A weekend New York Times article about the demanding work environment at Amazon has sparked significant conversation in both traditional and social media, not to mention those in “real world” offices everywhere. Many have commented on the impact of “purposeful Darwinism” in which the only survivors are those willing to work incredibly long hours and sacrifice their personal lives for the company’s increasingly ambitious goals.

It’s the individual stories, mostly anonymous, that resonate – a woman with breast cancer and another who gave birth to a stillborn child, then were placed on “performance improvement plans” for not “giving their all” to the company. Parents of young children learned that colleagues had sent negative feedback to their bosses because they didn’t consistently put in the same long hours. Another former employee “cut back working on nights and weekends” to help care for a dying parent, then was told she was “a problem” because she wanted to transfer to a job with less pressure.

In response, Amazon Founder and CEO Jeff Bezos claimed the article painted an unfair picture of his company. But his denial felt like too little too late. His first mistake was declining to be interviewed for the story. Even more importantly, he did not have a good counter to the portrayal of what he described as “a soulless, dystopian workplace.”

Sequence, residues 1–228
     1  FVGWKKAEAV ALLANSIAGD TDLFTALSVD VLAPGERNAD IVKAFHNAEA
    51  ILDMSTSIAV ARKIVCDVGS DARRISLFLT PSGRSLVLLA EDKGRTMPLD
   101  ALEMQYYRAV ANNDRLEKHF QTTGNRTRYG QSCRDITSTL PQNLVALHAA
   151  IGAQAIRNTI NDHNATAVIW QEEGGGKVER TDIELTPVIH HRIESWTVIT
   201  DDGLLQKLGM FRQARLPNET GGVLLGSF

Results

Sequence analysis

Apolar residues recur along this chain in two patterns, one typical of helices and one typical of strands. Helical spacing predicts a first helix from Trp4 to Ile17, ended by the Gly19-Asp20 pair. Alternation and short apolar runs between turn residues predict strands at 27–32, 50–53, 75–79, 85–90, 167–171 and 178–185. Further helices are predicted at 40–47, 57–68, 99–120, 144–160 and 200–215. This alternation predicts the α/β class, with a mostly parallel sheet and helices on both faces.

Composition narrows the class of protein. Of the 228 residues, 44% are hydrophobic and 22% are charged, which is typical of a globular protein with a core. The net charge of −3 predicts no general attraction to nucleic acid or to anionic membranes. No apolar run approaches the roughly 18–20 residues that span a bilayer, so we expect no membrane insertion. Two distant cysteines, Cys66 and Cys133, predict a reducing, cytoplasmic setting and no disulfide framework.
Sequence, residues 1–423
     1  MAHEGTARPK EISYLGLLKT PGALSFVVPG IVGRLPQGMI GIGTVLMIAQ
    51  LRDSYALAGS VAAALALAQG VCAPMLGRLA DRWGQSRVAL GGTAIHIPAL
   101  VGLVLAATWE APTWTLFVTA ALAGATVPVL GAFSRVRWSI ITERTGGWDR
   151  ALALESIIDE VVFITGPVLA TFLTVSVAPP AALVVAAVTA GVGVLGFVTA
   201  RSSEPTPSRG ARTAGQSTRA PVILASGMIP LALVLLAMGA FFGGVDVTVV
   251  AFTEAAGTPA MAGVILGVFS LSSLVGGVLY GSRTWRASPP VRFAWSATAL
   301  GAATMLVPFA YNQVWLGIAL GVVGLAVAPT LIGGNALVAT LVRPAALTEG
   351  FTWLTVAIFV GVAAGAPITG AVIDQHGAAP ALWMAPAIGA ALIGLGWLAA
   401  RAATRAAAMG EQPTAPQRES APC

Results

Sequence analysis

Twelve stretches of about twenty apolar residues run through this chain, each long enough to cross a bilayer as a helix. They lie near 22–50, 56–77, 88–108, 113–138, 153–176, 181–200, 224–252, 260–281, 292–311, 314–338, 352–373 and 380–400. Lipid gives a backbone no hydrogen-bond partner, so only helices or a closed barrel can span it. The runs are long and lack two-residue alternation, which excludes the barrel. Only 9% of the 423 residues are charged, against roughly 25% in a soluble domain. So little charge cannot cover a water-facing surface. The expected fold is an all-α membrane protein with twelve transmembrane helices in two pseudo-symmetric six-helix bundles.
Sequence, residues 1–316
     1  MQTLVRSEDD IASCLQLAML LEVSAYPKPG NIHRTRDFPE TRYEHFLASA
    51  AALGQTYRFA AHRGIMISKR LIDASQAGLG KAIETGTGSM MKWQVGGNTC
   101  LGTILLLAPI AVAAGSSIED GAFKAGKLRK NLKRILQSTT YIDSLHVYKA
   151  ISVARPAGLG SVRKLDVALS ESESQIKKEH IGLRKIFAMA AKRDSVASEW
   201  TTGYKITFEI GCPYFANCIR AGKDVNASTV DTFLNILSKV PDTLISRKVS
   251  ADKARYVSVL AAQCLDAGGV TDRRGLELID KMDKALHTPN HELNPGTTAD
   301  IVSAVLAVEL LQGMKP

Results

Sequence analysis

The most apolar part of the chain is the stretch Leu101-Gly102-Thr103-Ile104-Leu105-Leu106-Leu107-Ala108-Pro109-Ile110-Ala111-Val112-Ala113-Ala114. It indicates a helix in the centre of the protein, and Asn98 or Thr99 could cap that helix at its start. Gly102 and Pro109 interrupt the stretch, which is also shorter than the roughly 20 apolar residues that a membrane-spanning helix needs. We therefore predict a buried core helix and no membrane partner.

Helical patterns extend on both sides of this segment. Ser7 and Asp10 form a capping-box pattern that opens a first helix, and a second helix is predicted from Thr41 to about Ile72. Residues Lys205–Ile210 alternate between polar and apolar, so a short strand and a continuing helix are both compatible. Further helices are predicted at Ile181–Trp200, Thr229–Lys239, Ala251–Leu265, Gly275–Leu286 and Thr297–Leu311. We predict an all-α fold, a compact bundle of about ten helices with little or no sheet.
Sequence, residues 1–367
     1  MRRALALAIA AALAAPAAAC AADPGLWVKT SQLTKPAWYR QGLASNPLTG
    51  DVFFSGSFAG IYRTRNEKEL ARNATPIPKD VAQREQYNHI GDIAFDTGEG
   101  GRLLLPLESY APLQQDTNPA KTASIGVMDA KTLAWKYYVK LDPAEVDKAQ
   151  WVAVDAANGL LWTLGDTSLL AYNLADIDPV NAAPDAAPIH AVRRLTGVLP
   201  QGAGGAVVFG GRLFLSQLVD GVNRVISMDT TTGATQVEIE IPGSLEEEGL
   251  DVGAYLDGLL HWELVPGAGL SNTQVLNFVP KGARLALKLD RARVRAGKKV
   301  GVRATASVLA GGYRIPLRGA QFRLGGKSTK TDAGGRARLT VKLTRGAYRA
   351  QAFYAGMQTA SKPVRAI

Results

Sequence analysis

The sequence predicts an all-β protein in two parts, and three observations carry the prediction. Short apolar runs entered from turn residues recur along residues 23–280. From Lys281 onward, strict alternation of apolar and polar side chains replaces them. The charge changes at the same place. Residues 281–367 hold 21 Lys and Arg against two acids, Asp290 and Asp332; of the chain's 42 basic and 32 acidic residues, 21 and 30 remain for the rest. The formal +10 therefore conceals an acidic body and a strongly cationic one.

How can an organization protect its reputation when anonymous employees or former employees make damaging claims?

First, of course, you have to do the right thing. But even when you do everything right, someone can still make accusations. That’s when it’s helpful to be able to point to policies in place to prevent those bad things from happening. How different would the story have been if Bezos had been able to tell the New York Times about specific policies? What if he had said, “We allow employees to take up to four weeks of paid leave for personal or family health reasons…” or “We have a procedure in place for any employee to appeal an unfavorable performance review and here’s how that works.”

Instead, Bezos sent a memo to employees after the story appeared asking them to contact him directly if they knew of “stories like those reported.” If Amazon’s culture is anything like what’s portrayed in the article, I wouldn’t expect a flood of emails.

Meanwhile, while consumers will continue to shop at Amazon, how many talented job seekers will line up to work there in the future?